Leadership as the Driver of School Improvement: Support for National Models from Michigan Schools - PowerPoint PPT Presentation

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Leadership as the Driver of School Improvement: Support for National Models from Michigan Schools

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  1. Leadership as the Driver of School Improvement: Support for National Models from Michigan Schools Roger Goddard, Ph.D. Senior Fellow, McREL MAISA June 19, 2013

  2. Leading Models on Leadership and School Improvement • Tony Bryk and the Consortium on Chicago School Research Model at the University of Chicago • The Essential Supports Model • Richard Elmore and the Strategic Education Research Partnership IC Group at Harvard • The Internal Coherence Model • Findings on Leadership and Achievement in Michigan Schools

  3. Bryk, Sebring, Allensworth, Luppescu, & Easton (2010)

  4. The Essential Supports Model Context • Long History of School Failure • What Conditions Fostered School Improvement in Chicago? • The Chicago School Reform Act of 1988 • Decentralization of control to local schools • Local School Councils with extensive power • CCSR in the 1990s and 2000s • Decentralization was not a panacea–between school variance continued • Longitudinal data collection on leading indicators • Reporting to local schools

  5. The Essential Supports Model • 5 Essential Supports • School Leadership • Parent-Community-School Ties • Professional Capacity • Student-centered Learning Climate • Instructional Guidance • Which Schools Improved and Why?

  6. Leadership as the Driver of School Improvement • Improvements in all other areas depended on the Quality of School Leadership • Schools scoring in the top quartile in all areas improved the most • Schools below the top quartile in any 1 area did not improve as much • Schools in the bottom quartile stagnated

  7. Byrk et al. on School Leadership “The primary responsibility of school principals is their continuous focus on improving instructional work in the classrooms” (p. 47).

  8. The Strategic Education Research Partnership • Boston Design Team • Internal Coherence Team • The Development of a Model • Grounded and Refined in Practice • Boston • Fort Worth • San Jose

  9. The Internal Coherence Framework

  10. Testing these Models in Michigan Schools • Does Leadership Drive Improvement in Michigan Schools? • 95 Elementary Schools in 72 Districts in Northern Michigan • What Was Happening in 2009 without Intervention?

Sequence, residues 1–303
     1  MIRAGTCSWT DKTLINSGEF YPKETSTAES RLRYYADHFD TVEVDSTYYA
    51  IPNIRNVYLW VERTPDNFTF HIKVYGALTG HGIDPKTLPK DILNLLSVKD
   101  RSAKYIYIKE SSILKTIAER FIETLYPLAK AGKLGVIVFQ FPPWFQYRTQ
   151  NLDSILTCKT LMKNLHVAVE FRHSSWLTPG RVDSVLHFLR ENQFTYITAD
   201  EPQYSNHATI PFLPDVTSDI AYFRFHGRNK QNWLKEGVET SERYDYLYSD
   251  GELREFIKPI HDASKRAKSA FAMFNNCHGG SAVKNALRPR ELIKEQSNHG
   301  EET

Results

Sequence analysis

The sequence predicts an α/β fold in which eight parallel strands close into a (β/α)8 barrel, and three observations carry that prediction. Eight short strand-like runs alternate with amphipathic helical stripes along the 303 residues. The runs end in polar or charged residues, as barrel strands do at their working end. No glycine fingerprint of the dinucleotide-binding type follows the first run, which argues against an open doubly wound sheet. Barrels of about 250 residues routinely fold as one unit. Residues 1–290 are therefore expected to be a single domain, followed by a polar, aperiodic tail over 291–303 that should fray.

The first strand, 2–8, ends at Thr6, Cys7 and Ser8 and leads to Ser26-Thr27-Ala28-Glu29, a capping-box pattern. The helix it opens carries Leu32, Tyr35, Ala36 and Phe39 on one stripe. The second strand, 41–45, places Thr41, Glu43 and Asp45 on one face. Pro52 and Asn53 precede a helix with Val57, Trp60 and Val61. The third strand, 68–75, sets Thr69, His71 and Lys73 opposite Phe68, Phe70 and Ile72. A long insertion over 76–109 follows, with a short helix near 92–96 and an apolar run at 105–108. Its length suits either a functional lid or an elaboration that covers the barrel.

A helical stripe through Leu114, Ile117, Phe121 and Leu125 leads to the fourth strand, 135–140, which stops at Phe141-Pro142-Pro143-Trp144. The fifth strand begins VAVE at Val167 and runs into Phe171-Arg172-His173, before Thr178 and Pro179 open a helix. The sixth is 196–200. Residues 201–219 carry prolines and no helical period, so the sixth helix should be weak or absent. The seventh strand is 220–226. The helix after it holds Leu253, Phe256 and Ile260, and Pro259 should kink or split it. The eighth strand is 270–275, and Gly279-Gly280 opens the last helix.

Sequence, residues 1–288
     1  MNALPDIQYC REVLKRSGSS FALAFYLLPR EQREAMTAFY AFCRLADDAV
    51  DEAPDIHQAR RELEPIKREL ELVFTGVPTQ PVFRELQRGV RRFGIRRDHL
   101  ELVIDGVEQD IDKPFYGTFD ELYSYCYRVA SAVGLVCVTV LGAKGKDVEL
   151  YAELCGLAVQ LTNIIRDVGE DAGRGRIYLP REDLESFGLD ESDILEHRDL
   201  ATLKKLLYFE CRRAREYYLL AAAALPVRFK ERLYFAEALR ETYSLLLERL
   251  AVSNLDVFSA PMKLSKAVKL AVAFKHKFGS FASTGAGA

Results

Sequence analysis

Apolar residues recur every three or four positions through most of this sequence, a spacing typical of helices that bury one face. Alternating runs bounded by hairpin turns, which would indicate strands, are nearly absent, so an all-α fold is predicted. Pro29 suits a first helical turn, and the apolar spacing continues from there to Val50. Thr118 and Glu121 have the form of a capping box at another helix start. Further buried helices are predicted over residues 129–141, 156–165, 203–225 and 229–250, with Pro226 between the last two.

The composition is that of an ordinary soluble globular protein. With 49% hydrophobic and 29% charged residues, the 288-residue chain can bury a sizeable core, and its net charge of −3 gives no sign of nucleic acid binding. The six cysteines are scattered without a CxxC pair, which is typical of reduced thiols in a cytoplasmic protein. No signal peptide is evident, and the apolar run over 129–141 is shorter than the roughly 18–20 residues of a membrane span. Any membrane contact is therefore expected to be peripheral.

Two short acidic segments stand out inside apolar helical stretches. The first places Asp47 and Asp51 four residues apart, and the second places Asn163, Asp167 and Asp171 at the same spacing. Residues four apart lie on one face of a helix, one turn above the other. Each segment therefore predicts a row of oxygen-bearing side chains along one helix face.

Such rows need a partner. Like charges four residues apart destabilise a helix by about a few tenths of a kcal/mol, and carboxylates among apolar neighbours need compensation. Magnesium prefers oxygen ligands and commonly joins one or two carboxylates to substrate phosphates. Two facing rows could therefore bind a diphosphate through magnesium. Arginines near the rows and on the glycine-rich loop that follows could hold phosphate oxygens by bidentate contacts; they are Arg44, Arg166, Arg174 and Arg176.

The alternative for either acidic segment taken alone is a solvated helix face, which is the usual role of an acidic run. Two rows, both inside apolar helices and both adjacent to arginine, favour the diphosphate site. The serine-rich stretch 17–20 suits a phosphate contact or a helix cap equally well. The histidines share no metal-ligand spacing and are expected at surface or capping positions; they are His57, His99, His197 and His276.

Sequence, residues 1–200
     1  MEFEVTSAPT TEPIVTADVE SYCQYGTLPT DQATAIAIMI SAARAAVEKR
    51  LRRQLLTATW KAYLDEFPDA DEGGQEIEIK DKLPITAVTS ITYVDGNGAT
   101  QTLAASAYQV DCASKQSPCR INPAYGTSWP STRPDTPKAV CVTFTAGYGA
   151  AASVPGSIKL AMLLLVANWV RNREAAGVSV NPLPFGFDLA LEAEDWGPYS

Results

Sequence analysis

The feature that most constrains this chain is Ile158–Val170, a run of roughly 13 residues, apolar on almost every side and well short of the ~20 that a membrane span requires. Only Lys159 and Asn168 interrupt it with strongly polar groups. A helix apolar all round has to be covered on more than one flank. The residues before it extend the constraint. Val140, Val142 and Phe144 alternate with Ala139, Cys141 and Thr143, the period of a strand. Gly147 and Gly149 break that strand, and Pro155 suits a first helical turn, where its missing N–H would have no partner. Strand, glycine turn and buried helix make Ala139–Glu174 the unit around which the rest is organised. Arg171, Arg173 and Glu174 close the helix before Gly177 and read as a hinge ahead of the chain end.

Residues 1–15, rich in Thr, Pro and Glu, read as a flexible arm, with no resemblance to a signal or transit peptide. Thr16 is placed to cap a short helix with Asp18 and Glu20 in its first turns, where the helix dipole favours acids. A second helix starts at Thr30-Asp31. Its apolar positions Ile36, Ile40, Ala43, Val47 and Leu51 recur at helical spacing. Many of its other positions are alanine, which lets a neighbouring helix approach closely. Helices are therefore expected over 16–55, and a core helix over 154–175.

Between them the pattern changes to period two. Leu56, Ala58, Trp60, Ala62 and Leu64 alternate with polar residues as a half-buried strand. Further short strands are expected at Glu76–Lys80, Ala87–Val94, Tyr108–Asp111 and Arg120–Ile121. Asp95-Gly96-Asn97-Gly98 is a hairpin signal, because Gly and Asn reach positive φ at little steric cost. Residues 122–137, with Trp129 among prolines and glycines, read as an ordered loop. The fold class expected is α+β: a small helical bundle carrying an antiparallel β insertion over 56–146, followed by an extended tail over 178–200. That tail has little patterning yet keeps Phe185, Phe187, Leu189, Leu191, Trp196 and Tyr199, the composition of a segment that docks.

11. Instructional Leadership

  12. Teacher Collaboration • Frequent • Formal • Focused on Instructional Improvement

  13. Research Evidence from Michigan Based on analysis of data from 95 Michigan elementary schools in 72 school districts. .70* .28* Source: Goddard, R. D., Goddard, Y. L., Kim, E. S., & Miller, R. J. (2011). A social cognitive perspective on collective efficacy and goal attainment in schools: The roles of principals’ instructional leadership and teacher collaboration. Paper presented at the annual conference of the American Education Research Association, New Orleans, LA. .40*

  14. Collective Efficacy and Leadership According to Teachers • Quotes from teachers in high and low collective efficacy schools talking about what makes their schools unique. • Without being asked about their principal, teachers inevitably focused their stories on leadership.

  15. Principals Leading in Ways that are Socially Persuasive and Efficacy Enhancing • “We’re told it so many times, it’s just a part of life, we know that to work here you have to do whatever it takes to get the students to succeed. To reach our goal. And, you know, I believe there are enough teachers who have bought into that belief to where if you hear a teacher that may be not be quite there, I believe that by the time they hang around, either they will be there, or they’ll be out the door.”

  16. Principals Providing Vicarious Experiences that Develop Collective Efficacy • “I think it was two years ago, when we first started the flexible grouping. I mean, they can do it all they want in district in-service, but until I got to go into another person’s classroom and see the kids actually do it and work and have time with that teacher and ask them questions, that’s what helped me. . . I’d rather see a real teacher teaching than get a packet from someone standing and talking to me.”

  17. Principals Enhancing Collective Efficacy by Encouraging Teacher Input • “I think what sets us apart is, to start with, our principal. And the fact that she believes in us, and gives us the space really to do what we need to do for student success. She trusts us to make decisions . . . because she knows that I also am for student success.”

  18. Principals Leading in Ways that are Socially Persuasive and Efficacy Enhancing • “We’re told it so many times, it’s just a part of life, we know that to work here you have to do whatever it takes to get the students to succeed. To reach our goal. And, you know, I believe there are enough teachers who have bought into that belief to where if you hear a teacher that may be not be quite there, I believe that by the time they hang around, either they will be there, or they’ll be out the door.”

  19. 3-2-1 Wrap-up 3 Most Important Things You Learned 2 Questions You Have 1 Thing You Will Do Differently as a Leader

  20. Questions/Follow-up rgoddard@mcrel.org